[ads1]steroidsThe California State Athletic Commission (CSAC) met in Los Angeles this Monday to discuss, among a plethora of other topics, the state’s policies regarding fighters who seek therapeutic usage exemptions for testosterone replacement therapy. As the treatment has increased in popularity among fighters, state athletic commissions have struggled to draw the line between legitimate medical necessity and performance enhancement. Fighters like Chael Sonnen, Vitor Belfort, and Dan Henderson have all come under intense scrutiny for their use of TRT, which many critics decry as little more than exploiting a performance enhancement loophole.

An amendment proposed by the commission would have standardized the process by which fighters receive therapeutic use exemptions; however, Department of Consumer Affairs lawyer Michael Santiago successfully opposed the rule’s adoption on the grounds that testosterone is otherwise considered to be a banned performance enhancer (It is important to note that, while testosterone itself a naturally occurring hormone, the use of artificial treatments to elevate testosterone beyond naturally occurring ratios is considered to be a form of doping by nearly every governing body that regulates MMA).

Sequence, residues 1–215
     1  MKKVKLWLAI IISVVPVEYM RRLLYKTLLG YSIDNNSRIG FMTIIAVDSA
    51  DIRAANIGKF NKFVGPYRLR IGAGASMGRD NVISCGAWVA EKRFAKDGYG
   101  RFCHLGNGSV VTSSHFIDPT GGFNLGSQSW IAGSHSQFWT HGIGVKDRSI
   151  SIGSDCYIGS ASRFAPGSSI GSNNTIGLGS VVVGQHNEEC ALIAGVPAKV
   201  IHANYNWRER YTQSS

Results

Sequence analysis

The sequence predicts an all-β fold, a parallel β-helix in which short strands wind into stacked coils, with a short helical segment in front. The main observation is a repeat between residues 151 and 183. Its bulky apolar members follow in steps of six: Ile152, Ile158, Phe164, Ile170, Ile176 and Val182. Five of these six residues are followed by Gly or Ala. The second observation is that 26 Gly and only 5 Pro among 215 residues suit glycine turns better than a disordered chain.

So, what exactly does this mean for your favorite testosterone ‘deficient’ fighters? Put simply, they won’t be welcome to fight in California anytime soon if they choose to continue receiving TRT. Although the UFC does not currently have any events scheduled in the state up through the month of September, it will be interesting to see which direction to promotion goes on the issue. The UFC is arguably the single most influential player outside of the CSAC itself in the establishment of standards and regulations for the sport, and, although Dana White has been critical of the practice in the past, the organization may attempt to push back in light of how many fighters on the UFC’s roster utilize the divisive therapy.

We here at Pro MMA Now will be following this story very closely, as a definitive ‘no’ to testosterone replacement in California could very easily lead to a domino effect of athletic commissions shutting their doors on TRT.

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